Armenia: Part II
by Mitchell Moses (JD '09) and Kerry Docherty (JD '09),
First, let me begin with an important point about Karabakh. The main human rights issues occurred in the late 1980's and were the cause for the war. Once of themes I will discuss later is the opinion of many countries in the region that the Armenians are an inferior race. Thus, when land was reclaimed after the break up of the Union, there was a feeling that Armenians should not be entitled to anything. For instance, Azeris would enter Karabakhi towns in large trucks. In these trucks would be Azeri citizens and supplies. The Azeri forces would literally remove the Karabakhi citizens from their town and replace them with Azeris. All of their homes, agriculture, and their lives in general were taken and given to others. The fear that such clensing will happen again is what motivates Karabakh to be self sufficient and protect its borders.
It should not be overlooked that Karabakh is years away from achieving anything near the standards of health care and fairness that the West enjoys. Infants still often die in the early days of their lives because of a lack of supplies and a general lack of knowledge on correct treatment practices. Villagers, far removed from the city center and the only hospitals in the country, also often die from very simple and preventable ailments. In the area of justice, the legal system is ever evolving and still prone to erroneous verdicts. We met a young doctor who recently narrowly escaped medical malpractice charges for his part in delivering a still born baby. The lack of historical jurisprudence makes it difficult for the country to make consistent decisions and easy for the courts to point blame.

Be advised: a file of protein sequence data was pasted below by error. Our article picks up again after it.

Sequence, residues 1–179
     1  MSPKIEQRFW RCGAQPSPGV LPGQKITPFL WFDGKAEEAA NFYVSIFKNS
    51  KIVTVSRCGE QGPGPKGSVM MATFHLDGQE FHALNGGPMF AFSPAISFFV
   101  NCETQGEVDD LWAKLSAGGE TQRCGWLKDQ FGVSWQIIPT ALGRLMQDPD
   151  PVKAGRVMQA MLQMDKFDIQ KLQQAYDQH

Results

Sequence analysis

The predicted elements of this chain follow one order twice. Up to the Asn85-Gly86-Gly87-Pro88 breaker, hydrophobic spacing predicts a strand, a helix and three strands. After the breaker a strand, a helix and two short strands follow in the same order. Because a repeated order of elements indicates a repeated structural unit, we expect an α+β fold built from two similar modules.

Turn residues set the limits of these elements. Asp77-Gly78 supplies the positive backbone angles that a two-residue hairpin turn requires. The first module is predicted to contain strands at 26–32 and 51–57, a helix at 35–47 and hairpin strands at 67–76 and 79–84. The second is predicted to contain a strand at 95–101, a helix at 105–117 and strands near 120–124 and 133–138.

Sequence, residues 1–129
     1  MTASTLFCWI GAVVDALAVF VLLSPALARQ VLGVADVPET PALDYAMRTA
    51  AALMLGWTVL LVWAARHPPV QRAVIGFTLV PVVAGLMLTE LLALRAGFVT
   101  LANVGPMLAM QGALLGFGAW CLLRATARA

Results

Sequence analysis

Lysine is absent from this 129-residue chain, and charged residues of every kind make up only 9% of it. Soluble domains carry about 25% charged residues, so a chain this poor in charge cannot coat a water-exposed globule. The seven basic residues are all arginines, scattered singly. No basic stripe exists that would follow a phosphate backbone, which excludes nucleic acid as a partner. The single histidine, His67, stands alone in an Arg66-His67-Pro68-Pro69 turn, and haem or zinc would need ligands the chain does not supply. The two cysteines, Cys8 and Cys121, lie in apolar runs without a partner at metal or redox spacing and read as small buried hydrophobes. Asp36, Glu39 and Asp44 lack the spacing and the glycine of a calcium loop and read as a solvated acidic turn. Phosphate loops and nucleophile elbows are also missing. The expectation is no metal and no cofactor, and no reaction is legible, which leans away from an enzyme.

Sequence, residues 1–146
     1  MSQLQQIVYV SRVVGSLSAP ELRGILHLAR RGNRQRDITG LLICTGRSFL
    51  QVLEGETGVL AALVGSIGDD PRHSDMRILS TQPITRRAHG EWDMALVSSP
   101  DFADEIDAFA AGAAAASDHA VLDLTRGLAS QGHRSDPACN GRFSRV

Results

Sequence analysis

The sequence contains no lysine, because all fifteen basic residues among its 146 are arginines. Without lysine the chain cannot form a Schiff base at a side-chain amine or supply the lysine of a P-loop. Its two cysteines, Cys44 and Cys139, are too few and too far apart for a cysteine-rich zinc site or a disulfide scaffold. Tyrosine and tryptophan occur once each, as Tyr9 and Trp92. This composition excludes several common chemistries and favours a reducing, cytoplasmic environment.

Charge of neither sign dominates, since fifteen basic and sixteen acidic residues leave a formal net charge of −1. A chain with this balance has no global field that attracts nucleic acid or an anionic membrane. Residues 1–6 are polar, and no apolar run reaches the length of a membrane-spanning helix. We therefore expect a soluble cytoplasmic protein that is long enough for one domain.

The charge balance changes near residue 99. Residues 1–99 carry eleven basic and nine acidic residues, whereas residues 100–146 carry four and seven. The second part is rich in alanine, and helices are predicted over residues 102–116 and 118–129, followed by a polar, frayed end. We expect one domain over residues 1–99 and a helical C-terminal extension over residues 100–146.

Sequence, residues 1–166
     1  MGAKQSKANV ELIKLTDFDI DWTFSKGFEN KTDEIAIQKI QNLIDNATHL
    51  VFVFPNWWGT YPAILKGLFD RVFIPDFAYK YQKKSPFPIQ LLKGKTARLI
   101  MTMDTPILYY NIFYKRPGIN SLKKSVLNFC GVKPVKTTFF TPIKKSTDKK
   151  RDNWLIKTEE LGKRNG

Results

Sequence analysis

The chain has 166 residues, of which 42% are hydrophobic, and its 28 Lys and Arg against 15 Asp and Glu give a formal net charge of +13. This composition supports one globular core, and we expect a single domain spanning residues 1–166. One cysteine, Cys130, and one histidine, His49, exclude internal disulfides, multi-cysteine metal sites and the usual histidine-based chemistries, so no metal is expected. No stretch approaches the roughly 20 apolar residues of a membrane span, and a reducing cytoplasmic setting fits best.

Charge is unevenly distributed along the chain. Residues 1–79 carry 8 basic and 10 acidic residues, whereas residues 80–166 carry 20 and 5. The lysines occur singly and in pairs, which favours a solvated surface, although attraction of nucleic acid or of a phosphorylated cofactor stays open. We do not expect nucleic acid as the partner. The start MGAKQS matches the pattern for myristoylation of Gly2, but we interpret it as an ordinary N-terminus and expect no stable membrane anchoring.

The portion of our trip that took place in Yerevan, Armenia was quite different. Again, we had the privilege of meeting very impressive government leaders but the city itself is much more modern. We met with the Prime Minister and the Minister of Defense and heard their unique perspective on the recent events in Georgia and particularly South Ossetia. The building that houses the Defense Department speaks volumes to country's opinion on the importance of the Department. It is a beautiful new building on a large hill, over looking the city. It serves as an intimidating statement to any foreign visitors.
Armenians feel the need to make such a statement for valid reasons. The Armenian Genocide was one of the most horrible events in human history and still goes unrecognized by the West, specifically the US and the UK. The main perpetrators of the Genocide were the Turkish, and it appears the West is not willing to risk ruffling the feathers of an ally with valuable air space. Many prominent Americans, and even California's government, have recognized the genocide, but our country as a whole still fails to do so.
The history of the genocide is a tedious and painful history to tell, so I will spare most of the details in this email. In summary, it lasted from 1894 to 1918 and was effectuated in almost every means imaginable. Entire cities were exterminated, able bodied men were asked to report for military service only to be shot, and innocent women and children were sent out of their towns only to die horrible deaths of starvation and exhaustion. Our trip to the Genocide museum was very powerful and moving. It put the importance the country places on its defense into perspective.